VOTE! And how to spot sleepers and snakes…

I try to avoid politics when I can, but “what is true?” is more a matter of the philosophical.   As today is voting day, I see no rational reason any American shouldn’t stake out their position, so I will.

 

There are many issues concerning America right now, but it is said that the most important issue in this election for Democrats is health care.  It is such a partisan issue, like many others. But here, at least, (unlike racial and gender issues, immigration or even climate change)  I believe that there is something very close to black-and-white clarity.     More than any others, less room for honest debate on the core statistics (even if there IS room for discussion about what should be done with them)  and I suggest it can be used as a standard, a litmus test of clarity, honesty, and degree of politicized brain-freeze.

Here’s my notion: IF you believe these stats are as clear as I do, then beware of anyone who tries to twist that truth, confuse that reality.  They CANNOT be trusted on issues with less clarity.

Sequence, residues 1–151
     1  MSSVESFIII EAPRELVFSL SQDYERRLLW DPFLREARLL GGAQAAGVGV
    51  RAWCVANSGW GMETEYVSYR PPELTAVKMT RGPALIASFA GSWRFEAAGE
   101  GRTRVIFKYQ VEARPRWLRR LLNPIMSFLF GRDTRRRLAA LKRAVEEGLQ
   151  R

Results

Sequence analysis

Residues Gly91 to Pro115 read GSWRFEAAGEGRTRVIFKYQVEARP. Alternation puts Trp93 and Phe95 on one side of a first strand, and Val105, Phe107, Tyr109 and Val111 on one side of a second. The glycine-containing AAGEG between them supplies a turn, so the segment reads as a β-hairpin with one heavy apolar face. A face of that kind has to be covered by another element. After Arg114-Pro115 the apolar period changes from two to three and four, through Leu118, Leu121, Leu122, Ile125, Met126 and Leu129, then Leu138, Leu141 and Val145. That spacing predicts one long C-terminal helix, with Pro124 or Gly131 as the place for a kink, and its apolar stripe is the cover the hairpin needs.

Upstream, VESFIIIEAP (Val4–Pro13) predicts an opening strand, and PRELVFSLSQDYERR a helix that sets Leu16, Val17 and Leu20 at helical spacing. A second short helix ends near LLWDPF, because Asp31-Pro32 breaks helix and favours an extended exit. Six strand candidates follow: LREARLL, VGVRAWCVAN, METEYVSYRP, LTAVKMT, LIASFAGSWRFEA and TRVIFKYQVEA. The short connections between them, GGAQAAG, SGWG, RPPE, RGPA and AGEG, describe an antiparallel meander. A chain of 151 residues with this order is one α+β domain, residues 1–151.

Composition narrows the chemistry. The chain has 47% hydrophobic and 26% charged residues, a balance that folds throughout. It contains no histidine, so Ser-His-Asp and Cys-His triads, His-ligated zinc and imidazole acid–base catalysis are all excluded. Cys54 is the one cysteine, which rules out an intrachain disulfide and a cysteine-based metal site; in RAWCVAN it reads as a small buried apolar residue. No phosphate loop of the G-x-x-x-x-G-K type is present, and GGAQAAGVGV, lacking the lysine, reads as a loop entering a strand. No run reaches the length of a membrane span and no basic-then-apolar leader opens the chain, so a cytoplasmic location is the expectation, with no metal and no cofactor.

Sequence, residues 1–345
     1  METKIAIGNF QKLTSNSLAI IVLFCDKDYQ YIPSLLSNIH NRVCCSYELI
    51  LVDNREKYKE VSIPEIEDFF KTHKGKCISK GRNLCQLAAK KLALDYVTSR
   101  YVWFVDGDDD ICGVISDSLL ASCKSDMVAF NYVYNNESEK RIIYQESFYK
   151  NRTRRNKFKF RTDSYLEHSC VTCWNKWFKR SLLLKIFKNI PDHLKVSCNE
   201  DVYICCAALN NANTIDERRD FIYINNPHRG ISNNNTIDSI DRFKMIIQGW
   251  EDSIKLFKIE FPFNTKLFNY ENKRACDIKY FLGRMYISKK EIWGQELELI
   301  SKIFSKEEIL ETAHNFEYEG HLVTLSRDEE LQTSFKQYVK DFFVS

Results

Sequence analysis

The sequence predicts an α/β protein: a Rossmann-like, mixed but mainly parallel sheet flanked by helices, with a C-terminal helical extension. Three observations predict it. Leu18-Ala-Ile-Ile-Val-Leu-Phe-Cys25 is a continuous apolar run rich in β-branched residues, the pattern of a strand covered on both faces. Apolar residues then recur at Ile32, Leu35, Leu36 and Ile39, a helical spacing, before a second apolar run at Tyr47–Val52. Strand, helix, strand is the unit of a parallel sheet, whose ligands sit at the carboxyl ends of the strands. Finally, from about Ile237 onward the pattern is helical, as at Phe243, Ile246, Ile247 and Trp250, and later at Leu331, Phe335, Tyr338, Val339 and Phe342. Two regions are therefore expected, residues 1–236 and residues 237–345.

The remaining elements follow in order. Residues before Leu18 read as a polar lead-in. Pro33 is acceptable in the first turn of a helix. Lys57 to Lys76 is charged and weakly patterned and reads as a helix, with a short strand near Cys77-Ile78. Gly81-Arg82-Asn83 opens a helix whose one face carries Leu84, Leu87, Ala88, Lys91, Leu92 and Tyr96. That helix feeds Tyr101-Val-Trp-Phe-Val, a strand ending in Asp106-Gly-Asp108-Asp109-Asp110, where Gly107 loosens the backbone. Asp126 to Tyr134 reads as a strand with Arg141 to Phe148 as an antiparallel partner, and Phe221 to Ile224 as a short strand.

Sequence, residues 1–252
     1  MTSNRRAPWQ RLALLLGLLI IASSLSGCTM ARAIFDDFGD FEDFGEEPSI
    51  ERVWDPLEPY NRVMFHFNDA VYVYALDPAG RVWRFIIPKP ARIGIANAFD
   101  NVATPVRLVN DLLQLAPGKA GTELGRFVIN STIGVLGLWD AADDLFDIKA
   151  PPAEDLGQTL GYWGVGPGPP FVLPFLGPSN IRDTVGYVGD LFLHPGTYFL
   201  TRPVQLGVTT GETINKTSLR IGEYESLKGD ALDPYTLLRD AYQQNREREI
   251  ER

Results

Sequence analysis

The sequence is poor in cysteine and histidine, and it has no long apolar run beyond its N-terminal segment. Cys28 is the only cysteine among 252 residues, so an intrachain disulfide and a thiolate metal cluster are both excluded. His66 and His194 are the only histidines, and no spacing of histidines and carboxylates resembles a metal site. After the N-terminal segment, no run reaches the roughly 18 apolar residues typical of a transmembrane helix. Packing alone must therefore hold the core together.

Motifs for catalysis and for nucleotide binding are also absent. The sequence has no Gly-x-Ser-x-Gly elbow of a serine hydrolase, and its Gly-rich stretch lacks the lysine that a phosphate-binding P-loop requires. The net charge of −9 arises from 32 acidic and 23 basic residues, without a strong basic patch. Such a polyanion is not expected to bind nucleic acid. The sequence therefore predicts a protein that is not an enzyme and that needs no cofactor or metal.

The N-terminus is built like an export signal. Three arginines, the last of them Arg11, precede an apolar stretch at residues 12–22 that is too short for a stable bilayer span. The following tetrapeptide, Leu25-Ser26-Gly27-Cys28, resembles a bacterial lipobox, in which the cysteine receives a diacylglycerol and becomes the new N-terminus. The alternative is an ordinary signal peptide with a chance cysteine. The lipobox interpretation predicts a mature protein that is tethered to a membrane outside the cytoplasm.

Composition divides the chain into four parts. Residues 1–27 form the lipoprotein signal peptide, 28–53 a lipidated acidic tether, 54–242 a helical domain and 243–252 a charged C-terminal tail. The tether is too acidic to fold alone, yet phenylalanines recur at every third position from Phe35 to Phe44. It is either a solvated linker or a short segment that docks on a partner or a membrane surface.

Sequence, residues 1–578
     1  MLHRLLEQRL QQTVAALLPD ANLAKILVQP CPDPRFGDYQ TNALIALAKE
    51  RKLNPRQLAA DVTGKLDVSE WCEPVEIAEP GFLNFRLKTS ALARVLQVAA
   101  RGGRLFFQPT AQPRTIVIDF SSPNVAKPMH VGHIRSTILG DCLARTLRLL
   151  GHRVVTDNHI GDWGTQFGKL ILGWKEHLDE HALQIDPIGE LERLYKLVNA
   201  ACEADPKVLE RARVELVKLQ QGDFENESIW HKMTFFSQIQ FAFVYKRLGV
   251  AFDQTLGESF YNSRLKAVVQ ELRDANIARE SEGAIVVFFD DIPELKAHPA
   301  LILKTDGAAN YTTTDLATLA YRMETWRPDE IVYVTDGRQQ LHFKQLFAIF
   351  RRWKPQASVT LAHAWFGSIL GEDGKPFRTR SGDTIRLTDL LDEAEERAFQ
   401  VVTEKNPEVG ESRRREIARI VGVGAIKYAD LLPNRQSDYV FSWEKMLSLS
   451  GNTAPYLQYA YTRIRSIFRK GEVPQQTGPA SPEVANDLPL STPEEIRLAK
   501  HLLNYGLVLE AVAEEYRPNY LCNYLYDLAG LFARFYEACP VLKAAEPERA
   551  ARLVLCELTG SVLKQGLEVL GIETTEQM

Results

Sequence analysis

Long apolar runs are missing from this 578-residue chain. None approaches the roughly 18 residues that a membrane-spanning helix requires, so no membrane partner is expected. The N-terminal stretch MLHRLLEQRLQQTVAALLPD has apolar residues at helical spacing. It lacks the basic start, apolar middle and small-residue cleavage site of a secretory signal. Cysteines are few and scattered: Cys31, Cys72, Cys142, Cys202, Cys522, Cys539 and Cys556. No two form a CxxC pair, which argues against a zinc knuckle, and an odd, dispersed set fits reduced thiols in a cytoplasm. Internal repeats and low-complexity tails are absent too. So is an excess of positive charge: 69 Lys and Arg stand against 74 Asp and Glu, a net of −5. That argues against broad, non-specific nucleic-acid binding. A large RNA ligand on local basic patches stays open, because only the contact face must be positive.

We’ll look at the major arguments generally offered in public, repeating some things I said just a few days ago.   Repetition is the mother of skill, and this is too damned important not to hammer it in a bit:

 

 

  • Universal Health Care produces inferior results.

 

 

To those who wonder if UHC is superior to private insurance, the stats are clear.

The World Health Organization uses lifespan and infant mortality to measure the health of a people.  Let’s simplify and stick with the first: Lifespan.  Here, the U.S. ranks 26th, and EVERYONE ahead of us has UHC.  So anyone who says it “doesn’t work” will try to distract you from those numbers. Don’t let them.  Hold onto them, because there will be a torrent of rhetorical distraction.

 

Let’s zero in on one country, close to us geographically and demographically. Canada.  Not precise, of course: what is?  But its just across the border, and frankly, when I’ve been there, if I hadn’t known I was out of the U.S. it would take me some time to realize it.  And another simple statistic: Average life span is 82 years to the U.S.’s 79.